Adaptation means survival
As we go through life, our minds, emotions and bodies are modified and shaped by our experiences, habits and environments. We are adaptable beings who generally will do whatever it takes to survive and fulfill our needs as best we can.
Your body is shaped by adaptation to circumstance
Just like a plant’s body will grow towards the light*, so too will the human body develop in such a way that it can maximize its chances of survival -both physical and emotional- depending on the environment that we find our self in. Of course, this shaping is constrained by our genetic make-up to a significant extent. However, it is easy to see how a child who grows up in the city will develop differently than a child who must hunt for food.
The basic needs of safety, connection and dignity
This is also true for the way our mental and sensory processes are shaped: how and to what we pay attention in our social and internal world is based on our need to fulfill the basic needs of safety, connection and dignity in the context of a specific cultural and familial/communal environment. In other words: how we perceive and process the world and our place in it will be different if we grow up in a rural, communal, religious and fundamentalist village than when we grow up in a multi-cultural, individualist, materialist, metropolitan area. The resources available and skill-sets required to fulfill our basic needs will be different in each place.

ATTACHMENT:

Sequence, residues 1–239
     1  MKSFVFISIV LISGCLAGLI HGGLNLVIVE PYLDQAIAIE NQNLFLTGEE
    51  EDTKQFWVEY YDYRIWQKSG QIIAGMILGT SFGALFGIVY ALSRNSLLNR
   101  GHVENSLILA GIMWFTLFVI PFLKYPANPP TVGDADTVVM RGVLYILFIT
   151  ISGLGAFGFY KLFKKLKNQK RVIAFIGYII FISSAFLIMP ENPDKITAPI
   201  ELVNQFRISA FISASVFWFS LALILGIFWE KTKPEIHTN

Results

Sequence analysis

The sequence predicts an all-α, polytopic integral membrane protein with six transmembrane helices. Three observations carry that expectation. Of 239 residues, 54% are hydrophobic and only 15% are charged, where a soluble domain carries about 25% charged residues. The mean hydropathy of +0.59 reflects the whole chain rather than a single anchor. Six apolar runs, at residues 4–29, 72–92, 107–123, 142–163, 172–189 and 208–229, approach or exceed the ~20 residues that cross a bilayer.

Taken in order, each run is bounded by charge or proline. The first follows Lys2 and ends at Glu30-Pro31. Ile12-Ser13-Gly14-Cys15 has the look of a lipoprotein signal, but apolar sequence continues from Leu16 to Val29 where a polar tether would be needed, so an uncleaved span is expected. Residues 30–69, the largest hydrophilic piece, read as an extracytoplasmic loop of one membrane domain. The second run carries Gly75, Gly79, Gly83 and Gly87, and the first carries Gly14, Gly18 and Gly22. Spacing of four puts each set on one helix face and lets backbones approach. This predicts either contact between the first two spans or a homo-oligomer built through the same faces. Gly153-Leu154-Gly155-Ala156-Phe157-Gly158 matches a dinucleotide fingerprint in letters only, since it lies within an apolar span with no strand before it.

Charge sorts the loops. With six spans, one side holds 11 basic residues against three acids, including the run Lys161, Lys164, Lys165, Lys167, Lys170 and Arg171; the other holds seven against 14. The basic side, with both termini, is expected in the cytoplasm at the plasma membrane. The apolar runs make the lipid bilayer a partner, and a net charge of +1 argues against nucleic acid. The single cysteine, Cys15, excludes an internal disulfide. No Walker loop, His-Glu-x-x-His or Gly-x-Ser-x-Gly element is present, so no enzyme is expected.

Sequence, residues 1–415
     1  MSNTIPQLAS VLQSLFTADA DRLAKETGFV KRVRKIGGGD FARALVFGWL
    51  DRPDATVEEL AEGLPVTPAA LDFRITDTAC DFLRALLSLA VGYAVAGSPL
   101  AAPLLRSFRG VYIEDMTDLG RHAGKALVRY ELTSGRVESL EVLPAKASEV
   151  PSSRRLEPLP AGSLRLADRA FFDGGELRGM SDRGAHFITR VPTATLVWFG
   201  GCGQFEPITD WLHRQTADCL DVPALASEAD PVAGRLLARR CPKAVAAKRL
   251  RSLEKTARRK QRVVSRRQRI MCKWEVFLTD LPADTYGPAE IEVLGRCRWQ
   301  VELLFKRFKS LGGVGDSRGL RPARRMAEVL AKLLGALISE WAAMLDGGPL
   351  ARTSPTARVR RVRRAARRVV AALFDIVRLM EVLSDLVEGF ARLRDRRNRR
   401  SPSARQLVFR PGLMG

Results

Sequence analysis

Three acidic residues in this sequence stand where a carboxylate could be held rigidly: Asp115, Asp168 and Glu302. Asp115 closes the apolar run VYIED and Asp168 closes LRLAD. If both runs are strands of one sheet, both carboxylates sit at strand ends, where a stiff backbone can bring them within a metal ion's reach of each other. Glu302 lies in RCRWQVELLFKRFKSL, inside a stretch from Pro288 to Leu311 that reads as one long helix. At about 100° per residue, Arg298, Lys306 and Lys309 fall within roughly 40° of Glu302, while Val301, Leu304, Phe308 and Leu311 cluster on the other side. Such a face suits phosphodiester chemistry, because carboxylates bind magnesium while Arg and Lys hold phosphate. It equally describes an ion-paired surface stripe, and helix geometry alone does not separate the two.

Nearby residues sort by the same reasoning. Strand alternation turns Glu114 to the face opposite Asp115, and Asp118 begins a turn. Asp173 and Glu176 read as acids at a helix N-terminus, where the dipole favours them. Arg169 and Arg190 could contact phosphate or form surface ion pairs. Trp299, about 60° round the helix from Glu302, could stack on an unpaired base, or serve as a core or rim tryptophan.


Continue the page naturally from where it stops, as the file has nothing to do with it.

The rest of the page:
Creating neural pathways
The need to attune to our environment will strengthen certain neural connections in our brains preferentially over others. In the jungle it is more important to have an acute sense of hearing and the ability to differentiate precisely between different rustling sounds so as to be able to detect the approach of a large predator, in comparison to a big city dweller who has to rely more on visual processing to detect dangers from cars and other humans. In this way our brain is shaped to optimize functioning in a particular environment. While these adaptations are crucial, it is important to realize that when we move from one, cultural, emotional or physical environment to another, those adaptations might not serve us so well anymore.
Our body and way of moving tell our story
Our story is reflected in numerous physical, emotional, and mental adaptations. Often, we can recognize part of someone’s story by observing the way they hold and move their body. When a child feels unsafe in the parental home, she may develop a cowering way of holding the body, appear nervous and hyper-vigilant with quick movements, or alternatively a tendency to remain immobile. As social beings, other people will almost always pick up on the message of un-safety surrounding this child. Depending on the onlooker’s own history they may feel inclined to protective behavior or alternatively have a desire to ignore or get away from the child, among multiple other possibilities.
From helpful to dysfunctional